Hippocrates was born on the island of Cos, the son and grandson of a physician. He separated medicine from philosophy in a rational environment, characterized as one of the most memorable epochs in the intellectual development of the human race. His contemporaries included the philosopher Democritus, the statesman Pericles, the sculptors Polycletus and Phidias, the historians Herodotus and Thucydides, the poet Pindar, and the dramatists Aeschylus, Sophocles, Euripides, and Aristophanes.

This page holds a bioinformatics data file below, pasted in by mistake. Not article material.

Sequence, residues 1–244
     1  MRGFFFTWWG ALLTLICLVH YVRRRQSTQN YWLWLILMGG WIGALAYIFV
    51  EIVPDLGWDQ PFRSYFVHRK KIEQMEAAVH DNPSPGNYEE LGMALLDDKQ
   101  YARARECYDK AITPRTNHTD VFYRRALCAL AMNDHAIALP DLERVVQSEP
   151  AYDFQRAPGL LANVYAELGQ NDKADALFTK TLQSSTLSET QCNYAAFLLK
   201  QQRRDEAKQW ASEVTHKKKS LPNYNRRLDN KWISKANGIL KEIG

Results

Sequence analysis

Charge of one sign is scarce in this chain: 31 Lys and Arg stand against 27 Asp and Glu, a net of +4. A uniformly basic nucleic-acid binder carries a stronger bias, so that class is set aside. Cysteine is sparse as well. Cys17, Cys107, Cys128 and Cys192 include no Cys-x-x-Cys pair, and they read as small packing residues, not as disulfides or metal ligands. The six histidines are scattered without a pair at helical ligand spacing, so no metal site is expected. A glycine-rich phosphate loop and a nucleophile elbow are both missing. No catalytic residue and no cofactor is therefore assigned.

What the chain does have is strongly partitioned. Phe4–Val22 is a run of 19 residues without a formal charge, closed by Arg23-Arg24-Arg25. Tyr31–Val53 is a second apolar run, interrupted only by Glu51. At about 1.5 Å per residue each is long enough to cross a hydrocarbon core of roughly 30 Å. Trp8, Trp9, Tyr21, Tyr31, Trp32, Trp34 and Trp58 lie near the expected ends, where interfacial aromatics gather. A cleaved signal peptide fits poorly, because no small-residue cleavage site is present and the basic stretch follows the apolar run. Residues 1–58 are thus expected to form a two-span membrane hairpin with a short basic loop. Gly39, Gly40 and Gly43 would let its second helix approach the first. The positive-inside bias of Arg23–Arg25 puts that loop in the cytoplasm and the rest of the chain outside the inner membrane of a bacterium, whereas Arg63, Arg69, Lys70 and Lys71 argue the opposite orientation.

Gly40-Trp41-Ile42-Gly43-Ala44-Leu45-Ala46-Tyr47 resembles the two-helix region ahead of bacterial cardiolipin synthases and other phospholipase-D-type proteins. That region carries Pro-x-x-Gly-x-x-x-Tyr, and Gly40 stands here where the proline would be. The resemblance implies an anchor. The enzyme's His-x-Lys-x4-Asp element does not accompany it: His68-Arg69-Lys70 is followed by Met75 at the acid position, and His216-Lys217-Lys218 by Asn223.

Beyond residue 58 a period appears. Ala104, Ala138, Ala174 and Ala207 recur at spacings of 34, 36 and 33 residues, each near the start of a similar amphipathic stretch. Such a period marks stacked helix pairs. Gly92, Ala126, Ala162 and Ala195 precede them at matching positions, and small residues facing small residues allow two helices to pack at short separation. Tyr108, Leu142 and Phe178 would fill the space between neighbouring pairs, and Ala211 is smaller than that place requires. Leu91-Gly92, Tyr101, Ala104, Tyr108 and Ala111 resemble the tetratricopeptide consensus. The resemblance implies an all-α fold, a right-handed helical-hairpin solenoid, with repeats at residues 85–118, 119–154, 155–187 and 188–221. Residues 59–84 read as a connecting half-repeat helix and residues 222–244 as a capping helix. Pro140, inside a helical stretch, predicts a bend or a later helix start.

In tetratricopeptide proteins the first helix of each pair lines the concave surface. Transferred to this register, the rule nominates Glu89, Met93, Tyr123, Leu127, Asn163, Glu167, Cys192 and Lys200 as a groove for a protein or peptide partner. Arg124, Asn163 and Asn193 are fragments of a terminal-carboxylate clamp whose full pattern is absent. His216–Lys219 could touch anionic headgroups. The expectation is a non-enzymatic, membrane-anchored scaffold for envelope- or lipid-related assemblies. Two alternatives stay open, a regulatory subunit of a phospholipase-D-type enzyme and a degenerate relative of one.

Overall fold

The volume of medical and general literature attributed to or associated with Hippocrates and Greek medicine of his time exceeds that of any other physician. More scholars have devoted more years to the study, translation, and interpretation of Hippocratic works than to any other physician in the history of man. Those who profess superior knowledge of these epochal treatises are in general agreement that the collection of writings under his name probably represents the labors of many —some prepared even